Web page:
Thanks to Pajiba for actually bringing this video to my attention. I'm torn between many worlds when it comes to improvisation. As a writer, I cringe when an actor decides that they know better than me but really don't. However, when they stumble into something great--even in flubbing a line--I'm more than happy to fold that into the script. As a music director, I will stop a rehearsal dead in its tracks if someone misses part of a rhyme scheme or decides they know better than the composer, the lyricist, the librettist, the musical arranger, the licensing company, the director, and me. And as a performer, I like to work with a director/writer to figure out what works best for a scene. Sometimes, it's everything exactly as written; other times, it can be as simple as changing a stage direction or inserting a comma in a sentence; other times still, something needs to be changed or kept free to be believable.
This is more of a hot button issue than you would think in the performing arts. You have writers who beg you not to alter their work. You also have directors who think they get the final say on every word said or sung onstage and actors who think that embodying the character justifies changing everything that was written for them.
Sometimes, letting that guard down is appropriate. In this video from mewlists, twenty-five moments of unscripted dialog action and/or dialog are ranked. It's an eye-opening experience to say the least. I would have bet money, for example, that the famous "Oh warriors, come out and play" dialog was written. It's too perfect not to have been planned. Same with "game over, man. Game over," and the taxi scene in Midnight Cowboy. Watch below and we'll get further into this.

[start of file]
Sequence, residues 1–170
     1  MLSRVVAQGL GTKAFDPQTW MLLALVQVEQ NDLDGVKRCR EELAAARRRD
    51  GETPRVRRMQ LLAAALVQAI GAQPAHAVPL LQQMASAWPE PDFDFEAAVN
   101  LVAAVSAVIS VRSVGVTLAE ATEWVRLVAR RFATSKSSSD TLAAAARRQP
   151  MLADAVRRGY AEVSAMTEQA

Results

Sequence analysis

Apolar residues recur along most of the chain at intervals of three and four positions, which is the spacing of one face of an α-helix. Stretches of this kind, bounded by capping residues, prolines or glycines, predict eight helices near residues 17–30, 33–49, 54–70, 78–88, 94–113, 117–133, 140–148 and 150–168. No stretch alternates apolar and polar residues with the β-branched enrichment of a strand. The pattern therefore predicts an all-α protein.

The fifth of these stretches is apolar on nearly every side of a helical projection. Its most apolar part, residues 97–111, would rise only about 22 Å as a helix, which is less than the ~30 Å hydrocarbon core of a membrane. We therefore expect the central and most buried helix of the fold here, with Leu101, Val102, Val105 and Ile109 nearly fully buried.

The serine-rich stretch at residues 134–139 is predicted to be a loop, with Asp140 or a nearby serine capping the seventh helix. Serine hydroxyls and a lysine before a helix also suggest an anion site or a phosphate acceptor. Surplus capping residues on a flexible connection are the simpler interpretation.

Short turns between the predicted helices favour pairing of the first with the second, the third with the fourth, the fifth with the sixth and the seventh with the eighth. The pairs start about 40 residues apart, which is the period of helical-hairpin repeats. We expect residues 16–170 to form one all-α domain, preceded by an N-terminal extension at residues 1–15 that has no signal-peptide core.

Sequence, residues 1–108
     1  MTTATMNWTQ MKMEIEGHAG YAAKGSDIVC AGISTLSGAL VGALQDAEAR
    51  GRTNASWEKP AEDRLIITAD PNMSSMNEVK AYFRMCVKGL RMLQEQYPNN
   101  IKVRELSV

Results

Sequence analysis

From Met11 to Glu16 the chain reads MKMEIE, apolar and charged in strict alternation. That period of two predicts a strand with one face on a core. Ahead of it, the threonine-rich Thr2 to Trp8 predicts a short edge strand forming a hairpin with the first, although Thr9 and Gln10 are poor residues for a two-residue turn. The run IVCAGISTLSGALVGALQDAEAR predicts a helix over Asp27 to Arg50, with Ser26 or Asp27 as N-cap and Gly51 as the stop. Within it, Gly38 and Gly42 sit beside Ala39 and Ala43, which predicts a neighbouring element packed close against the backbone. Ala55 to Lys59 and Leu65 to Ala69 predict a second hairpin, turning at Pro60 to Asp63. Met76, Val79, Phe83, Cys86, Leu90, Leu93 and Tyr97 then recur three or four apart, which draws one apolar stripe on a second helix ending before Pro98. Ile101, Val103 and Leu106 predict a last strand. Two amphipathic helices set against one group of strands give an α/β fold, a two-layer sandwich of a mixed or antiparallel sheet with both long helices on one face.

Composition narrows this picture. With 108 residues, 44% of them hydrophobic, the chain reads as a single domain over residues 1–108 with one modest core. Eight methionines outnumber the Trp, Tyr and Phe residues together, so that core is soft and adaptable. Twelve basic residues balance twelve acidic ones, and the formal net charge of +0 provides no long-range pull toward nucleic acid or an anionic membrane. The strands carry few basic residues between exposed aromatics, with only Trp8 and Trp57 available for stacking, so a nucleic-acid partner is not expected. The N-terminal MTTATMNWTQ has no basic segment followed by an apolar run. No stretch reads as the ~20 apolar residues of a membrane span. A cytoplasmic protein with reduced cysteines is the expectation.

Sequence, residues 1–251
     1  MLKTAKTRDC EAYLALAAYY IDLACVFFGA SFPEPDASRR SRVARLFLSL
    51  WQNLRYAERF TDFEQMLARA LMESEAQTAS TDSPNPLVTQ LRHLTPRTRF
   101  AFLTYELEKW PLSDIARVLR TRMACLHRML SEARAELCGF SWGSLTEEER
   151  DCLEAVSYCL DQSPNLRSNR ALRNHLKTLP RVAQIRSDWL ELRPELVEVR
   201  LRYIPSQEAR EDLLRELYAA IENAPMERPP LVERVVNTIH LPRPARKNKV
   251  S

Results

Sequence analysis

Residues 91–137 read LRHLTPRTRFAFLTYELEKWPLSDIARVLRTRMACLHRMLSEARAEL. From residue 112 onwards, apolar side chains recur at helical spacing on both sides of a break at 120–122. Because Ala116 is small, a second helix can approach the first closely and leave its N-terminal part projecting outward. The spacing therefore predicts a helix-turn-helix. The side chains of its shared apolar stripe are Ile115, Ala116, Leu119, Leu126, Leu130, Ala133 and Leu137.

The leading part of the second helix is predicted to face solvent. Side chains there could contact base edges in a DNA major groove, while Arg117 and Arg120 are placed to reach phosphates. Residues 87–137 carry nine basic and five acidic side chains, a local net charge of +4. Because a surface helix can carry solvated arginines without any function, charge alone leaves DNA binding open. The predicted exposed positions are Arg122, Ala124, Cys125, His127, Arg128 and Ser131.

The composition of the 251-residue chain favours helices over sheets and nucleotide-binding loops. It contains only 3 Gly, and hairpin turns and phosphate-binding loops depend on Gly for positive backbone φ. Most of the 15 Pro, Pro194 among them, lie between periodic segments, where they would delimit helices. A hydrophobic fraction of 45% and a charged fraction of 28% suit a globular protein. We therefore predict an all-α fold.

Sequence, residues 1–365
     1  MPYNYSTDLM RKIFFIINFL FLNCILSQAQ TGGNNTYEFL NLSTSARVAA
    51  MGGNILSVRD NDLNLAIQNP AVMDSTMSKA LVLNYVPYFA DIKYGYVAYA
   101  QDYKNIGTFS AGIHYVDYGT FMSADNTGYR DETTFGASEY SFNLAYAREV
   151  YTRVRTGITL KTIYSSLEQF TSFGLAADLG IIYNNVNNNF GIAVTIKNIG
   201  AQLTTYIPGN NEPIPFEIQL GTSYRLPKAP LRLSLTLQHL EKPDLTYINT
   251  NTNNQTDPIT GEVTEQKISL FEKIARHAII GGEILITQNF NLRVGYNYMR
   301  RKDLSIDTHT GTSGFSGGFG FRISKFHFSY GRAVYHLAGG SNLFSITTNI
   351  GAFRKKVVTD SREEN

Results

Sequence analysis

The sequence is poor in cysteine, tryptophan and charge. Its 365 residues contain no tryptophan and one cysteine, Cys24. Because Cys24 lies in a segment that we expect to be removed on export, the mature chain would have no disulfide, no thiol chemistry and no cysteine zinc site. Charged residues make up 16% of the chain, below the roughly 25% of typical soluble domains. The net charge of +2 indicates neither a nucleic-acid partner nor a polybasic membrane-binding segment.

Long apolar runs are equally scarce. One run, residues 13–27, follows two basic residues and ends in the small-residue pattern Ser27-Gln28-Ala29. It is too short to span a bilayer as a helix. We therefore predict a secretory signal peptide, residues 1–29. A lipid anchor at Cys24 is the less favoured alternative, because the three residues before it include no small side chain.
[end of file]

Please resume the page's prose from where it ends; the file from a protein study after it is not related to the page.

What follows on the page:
There are certain situations where improvisation and experimentation is a necessity. Stanley Kubrick's casting of former drill sergeant R. Lee Ermey is the perfect example of that. Kubrick didn't feel comfortable writing the dialog for the drill sergeant in Full Metal Jacket, so he brought on Ermey as an expert to guide the process. Kubrick liked Ermey enough to actually give him the role and have him improv all of the insults in the film. It's a great use of a very specific type of person to get just the right dramatic effect. People are still shouting these insults out twenty-four years later.
Another situation where improv is essential happened with Midnight Cowboy. Dustin Hoffman, being an excellent character actor, refused to step out of character when a taxi cab driver decided to ignore the barricades/signs/crew people yelling at him to get off the film set. The result is a quintessential NYC moment captured in perfect detail. You could not script this authentic New York rage and get everyone to react like someone almost died due to driving stupidity. That's because someone--Dustin Hoffman--did almost die because of New York driver stupidity. If they cut the reel and reshot the scene according to the script, we wouldn't have that great real moment.
Then you have a moment of experimentation like in The Usual Suspects. This is a film that required strict adherence to the script to work. The variations come from letting certain scenes be done in a natural way. When a director tells you to play around with the delivery, that most likely means they're looking for something very specific but can't articulate it quite right or aren't entirely sure that's the right direction. You let the actors play around with what they're saying until you get something that's just right. In this case, we get the hilarious moment where the suspects are improving on the line of dialog in the line-up. The actors are having a ball playing characters who are supposed to see the whole thing as a joke. It just works.